Empirics and responsibility, accountability and liability: UCALL’s Empire
UCALL’s Empire is our collaborative research project, where we centralize the empirical and interdisciplinary study of accountability and liability law. The goal is to conduct empirical-legal research and develop appropriate methodologies, through case studies that transcend the respective fields of accountability and liability law.
This project has thus far resulted in two published volumes. In Assumpties Annoteren (Boom, 2019) we identify factual assumptions that courts implicitly or explicitly make, and examine their validity. Think of the assumption that the threat of product liability leads to defensive innovation. We evaluated the evidence that was available on the specific assumption and analyzed whether such assumptions are supported by empirical evidence.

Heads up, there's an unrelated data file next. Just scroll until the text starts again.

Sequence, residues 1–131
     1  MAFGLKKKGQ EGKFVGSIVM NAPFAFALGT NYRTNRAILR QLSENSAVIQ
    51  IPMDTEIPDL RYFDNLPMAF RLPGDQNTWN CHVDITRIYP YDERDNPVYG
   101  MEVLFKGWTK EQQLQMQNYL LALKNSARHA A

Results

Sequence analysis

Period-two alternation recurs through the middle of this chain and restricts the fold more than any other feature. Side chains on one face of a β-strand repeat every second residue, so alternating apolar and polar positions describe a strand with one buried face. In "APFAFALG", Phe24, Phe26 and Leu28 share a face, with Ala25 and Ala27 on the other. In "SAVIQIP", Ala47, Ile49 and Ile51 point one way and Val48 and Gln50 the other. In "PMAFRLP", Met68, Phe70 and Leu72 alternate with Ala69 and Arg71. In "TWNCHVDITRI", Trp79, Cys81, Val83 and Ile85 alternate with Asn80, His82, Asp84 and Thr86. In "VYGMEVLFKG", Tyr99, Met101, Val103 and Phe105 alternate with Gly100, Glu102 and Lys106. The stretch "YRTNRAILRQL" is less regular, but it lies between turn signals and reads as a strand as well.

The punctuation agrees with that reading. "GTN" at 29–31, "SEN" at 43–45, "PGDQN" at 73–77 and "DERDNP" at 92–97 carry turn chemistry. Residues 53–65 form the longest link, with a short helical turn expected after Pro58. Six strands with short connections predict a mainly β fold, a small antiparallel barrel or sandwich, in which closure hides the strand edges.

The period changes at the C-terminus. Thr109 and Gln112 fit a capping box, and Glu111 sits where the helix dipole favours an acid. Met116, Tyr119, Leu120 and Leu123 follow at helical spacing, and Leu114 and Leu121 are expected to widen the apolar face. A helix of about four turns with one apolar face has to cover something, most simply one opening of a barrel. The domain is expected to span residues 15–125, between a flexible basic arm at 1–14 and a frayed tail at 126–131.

The follow-up publication Opvattingen Onderzoeken (Boom, 2022) examined the use of societal views by courts. Courts have used such views to determine the societal acceptance of sexual acts between minors, whether companies can be excused from contractual non-compliance due to foreign sanctions, and whether hospitals can be liable for using faulty medical devices. We tested several of these views across different legal fields by conducting qualitative research and issuing questionnaires, and analyzed whether what courts think is acceptable in society indeed matches the views of the respondents.